Wednesday, August 27, 2014

Butchering Day, Part Two

Man, yesterday was tough.

First off, I have to hand it to the guys that came out with the mobile abbatoir (isn't that a nice sounding word?) from Del Fox Meats. They worked together so seamlessly that it was nearly a dance: beautifully orchestrated, every man having a job to do that overlapped with the others. It was really quite stunning to watch, all things considered. From start to finish, they were done with everything -clean up included- in under 45 minutes. (It takes me about that long to process one rabbit. One! Rabbit!!)

I took a lot of photos while they were working, and some of them are very graphic. The ones I've chosen to use today are still powerful images, but in many cases are more so in their perspective than they are in actual blood. Note that I said in many cases- it was butchering day, after all, so there are a few bloody ones. That being said, I'm relegating most of the photos and this post to "after the jump" status. This way, if you don't want to see and/or read about what happened yesterday, you totally don't have to. I get it. This is not for everyone.

If you want to continue, please click below.

When I got to the pasture, the men were already there. I'd arrived 15 minutes ahead of the "one to one-thirty" window, thinking I'd have time to set up my camera and tripod (I shake when I get upset; not conducive to great photos) and say my farewells before things got down to business. So, I started out off-kilter, which I was desperately trying to avoid.

While they were putting on their overalls, one of the men commented on how friendly the steers were; he said he even got to scratch them on their heads. Apparently that's not the normal reception that they get... go figure.

But then it was time to get to work. Everything moved so fast, I didn't quite know what to do except stand out of the way and take photos. And try not to cry... I teared up after the first shot, and felt like a total ninny for doing so. Thankfully, I had sunglasses on so I don't know if anyone noticed while I worked to get myself under control. If they did, they were kind enough not to say anything about it.

The steers, being used to us, didn't seem phased when the lead opened the gate and walked in. There was a bit of bellowing, however, when they noticed the rifle. I don't know if they had ever seen one before, but they sure as hell knew they didn't like it. Amazing.

Before I knew it, though, he'd dropped both of them with one shot each. It was as fast and efficient as I could have hoped for. I also noticed that there's MUCH less post-mortem kicking and what-not as compared to the rabbits. Thank goodness... I can only imagine how much damage something as large as a steer would do, if they kicked like a rabbit does.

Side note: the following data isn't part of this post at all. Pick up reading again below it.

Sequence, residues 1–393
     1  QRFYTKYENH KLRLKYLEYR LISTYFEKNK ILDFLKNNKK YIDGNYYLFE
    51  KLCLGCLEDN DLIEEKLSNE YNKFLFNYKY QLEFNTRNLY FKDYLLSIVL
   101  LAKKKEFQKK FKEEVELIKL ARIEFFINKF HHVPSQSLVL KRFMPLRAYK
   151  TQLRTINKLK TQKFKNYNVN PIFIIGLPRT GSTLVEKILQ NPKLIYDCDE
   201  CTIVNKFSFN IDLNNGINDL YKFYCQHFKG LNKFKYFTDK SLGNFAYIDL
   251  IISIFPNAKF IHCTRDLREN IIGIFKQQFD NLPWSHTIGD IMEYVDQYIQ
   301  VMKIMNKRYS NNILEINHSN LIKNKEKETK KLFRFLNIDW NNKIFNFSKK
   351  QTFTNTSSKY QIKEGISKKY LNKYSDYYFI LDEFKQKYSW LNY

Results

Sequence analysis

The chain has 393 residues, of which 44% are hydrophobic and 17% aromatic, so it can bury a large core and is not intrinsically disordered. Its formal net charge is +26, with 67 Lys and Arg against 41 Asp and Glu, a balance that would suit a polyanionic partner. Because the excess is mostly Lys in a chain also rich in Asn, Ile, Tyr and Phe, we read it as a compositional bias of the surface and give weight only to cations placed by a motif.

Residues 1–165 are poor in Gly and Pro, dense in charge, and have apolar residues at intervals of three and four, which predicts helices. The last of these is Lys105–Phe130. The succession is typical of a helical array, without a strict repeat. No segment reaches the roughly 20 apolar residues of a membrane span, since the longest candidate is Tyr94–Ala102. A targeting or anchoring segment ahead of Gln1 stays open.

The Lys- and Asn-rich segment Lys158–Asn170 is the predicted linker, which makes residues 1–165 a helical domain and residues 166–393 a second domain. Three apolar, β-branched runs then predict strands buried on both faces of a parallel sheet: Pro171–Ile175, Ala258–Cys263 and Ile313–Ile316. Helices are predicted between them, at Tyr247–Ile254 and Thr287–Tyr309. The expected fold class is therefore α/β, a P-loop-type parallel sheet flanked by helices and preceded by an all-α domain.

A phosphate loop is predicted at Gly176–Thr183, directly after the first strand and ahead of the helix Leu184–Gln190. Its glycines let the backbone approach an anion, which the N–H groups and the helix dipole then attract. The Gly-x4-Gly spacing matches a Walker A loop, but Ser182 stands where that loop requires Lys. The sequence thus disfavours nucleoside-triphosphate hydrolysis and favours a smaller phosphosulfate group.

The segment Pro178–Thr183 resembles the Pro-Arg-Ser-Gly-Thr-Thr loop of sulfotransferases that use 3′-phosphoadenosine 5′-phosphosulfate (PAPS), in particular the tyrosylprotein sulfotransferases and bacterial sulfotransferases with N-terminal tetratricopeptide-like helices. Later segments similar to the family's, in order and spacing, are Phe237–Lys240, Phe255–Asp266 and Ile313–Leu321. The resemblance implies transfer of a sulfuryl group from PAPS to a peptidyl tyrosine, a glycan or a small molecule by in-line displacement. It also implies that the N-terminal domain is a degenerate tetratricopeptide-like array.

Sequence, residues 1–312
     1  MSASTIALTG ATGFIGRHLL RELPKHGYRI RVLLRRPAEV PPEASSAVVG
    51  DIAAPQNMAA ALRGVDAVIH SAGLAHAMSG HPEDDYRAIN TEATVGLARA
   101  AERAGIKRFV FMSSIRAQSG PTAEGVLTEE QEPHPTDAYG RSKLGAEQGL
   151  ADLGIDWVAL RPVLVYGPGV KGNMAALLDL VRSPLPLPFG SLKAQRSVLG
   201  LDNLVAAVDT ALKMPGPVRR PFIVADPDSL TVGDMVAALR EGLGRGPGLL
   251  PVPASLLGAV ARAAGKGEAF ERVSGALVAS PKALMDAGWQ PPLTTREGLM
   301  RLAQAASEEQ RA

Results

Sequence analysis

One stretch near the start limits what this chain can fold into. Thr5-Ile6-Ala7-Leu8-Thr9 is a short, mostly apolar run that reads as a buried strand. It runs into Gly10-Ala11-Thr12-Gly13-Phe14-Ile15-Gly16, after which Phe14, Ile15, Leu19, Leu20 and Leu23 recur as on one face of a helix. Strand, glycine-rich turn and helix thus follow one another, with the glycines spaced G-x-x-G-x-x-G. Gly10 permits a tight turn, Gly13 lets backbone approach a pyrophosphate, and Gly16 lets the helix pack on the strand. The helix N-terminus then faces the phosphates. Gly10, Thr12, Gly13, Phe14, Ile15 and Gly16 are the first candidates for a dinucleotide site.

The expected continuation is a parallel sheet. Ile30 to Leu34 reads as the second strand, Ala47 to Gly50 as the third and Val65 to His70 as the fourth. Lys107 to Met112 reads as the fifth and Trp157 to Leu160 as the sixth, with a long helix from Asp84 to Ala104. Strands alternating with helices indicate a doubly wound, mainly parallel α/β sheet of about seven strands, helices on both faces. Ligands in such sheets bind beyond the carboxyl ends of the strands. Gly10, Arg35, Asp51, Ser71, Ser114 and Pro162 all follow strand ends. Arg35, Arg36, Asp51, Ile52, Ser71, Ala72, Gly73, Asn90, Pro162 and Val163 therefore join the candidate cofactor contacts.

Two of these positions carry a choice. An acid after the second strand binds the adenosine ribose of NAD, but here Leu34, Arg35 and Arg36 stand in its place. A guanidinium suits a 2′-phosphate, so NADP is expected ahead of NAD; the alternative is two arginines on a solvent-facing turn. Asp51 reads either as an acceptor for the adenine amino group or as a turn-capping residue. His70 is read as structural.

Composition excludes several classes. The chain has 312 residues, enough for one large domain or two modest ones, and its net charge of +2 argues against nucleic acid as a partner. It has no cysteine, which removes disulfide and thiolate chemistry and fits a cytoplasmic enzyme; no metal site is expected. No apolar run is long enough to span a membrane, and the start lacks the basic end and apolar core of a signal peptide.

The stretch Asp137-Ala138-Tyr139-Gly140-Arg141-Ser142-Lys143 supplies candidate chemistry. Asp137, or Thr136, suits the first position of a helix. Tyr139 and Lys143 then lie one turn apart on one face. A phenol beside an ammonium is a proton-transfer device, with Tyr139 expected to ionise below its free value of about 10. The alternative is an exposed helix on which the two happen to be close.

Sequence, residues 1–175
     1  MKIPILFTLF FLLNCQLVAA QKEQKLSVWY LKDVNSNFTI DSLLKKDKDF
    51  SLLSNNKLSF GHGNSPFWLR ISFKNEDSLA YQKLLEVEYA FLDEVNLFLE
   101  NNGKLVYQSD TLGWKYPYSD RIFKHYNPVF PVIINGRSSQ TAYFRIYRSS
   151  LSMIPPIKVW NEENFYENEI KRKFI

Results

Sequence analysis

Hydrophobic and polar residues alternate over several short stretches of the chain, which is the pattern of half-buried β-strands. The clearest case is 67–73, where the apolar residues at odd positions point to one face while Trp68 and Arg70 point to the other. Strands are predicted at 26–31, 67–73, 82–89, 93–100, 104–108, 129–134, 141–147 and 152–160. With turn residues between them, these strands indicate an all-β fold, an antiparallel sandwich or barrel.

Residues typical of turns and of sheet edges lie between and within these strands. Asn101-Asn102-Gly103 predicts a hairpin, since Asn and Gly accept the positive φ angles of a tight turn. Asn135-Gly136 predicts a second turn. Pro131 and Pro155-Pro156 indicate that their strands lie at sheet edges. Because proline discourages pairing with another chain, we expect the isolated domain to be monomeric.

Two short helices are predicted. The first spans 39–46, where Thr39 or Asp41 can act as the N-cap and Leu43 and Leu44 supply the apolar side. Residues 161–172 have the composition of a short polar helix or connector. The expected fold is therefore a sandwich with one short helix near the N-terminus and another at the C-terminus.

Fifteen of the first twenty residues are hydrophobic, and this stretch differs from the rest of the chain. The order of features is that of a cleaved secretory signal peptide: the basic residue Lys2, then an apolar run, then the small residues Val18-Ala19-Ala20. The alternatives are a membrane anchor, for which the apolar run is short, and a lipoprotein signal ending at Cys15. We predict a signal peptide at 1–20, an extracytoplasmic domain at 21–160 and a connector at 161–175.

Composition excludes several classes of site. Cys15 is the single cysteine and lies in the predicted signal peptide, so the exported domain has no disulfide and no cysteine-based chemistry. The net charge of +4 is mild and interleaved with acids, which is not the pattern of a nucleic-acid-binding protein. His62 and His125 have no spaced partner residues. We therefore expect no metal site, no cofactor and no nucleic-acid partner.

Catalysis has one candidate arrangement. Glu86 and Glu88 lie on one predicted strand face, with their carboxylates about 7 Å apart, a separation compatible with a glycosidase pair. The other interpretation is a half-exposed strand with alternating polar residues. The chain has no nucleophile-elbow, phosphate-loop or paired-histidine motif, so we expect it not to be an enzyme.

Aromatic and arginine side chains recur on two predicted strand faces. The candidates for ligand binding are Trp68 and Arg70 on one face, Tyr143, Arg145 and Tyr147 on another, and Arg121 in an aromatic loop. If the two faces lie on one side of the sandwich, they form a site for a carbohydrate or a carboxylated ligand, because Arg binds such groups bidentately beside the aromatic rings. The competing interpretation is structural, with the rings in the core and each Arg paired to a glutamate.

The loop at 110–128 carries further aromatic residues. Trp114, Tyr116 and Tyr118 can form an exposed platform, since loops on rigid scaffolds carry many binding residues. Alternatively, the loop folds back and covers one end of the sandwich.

Immediately, everyone else swung into action. Throats were cut, to bleed out the animals as quickly as possible. Any time you process an animal, you want to get the majority of their blood out right away, so it doesn't taint the meat.

Innards were removed. They offered us the tongue, liver and heart- but I didn't have anything with me to take them home in, which is probably just as well. Our other neighbor (who owns the second steer) took his home to make dog food with. Maybe next time, for us. They won't go to waste, though- nothing does.

They were skinned quickly, with some of the sharpest knives I've ever seen. Each man carried three blades on one hip, and a sharpening steel on the other. Once removed, the hides were set aside to be placed in the truck.

A gambrel and winch was used to hoist the carcasses up for the remainder of the butchering. The truck was pretty amazing- it has its own water supply for cleaning, compartments for the hides and offal, and an air compressor for their pneumatic tools. Oh, and the refrigerated compartment in the back, where everything gets hung for transport.

The beef was cut in half longways, and then again in the middle, into quarters. These quarters were then hooked and hung in the truck.

From the looks of things, we may have been the last stop of the day. The truck was already pretty full when it got there, so adding our 8 quarters to their load probably finished things up for them.

After everything was hung in the truck, all that was left was the cleanup. One man emptied the main stomachs and collected the rest of the offal, while the others began hosing off the equipment and their overalls. I had no idea their stomachs were so huge.

When the men were finished, they packed up in preparation to leave just as quickly as they'd arrived and set up. I said thank you and waved, as they drove away; I never did get their names, but I guess that's how it works. They were respectful in every way possible: working in near silence and incredibly efficiently. I couldn't have asked for more.

When they were gone, all that was left in the field were two piles of half-digested grass from the stomachs, and a pool of blood marking where the steers had fallen. I locked up the gate, and tried not to look back as I drove off.

I went home and cried for a while, afterwards. I'm still processing everything I saw, and everything I feel about yesterday's experience. I hope you had a chance to read that essay from Hank Shaw that I referenced yesterday on Facebook- it truly is a paradox, being someone who loves animals dearly yet still chooses to not just eat meat, but to be a part of raising animals for that specific purpose.

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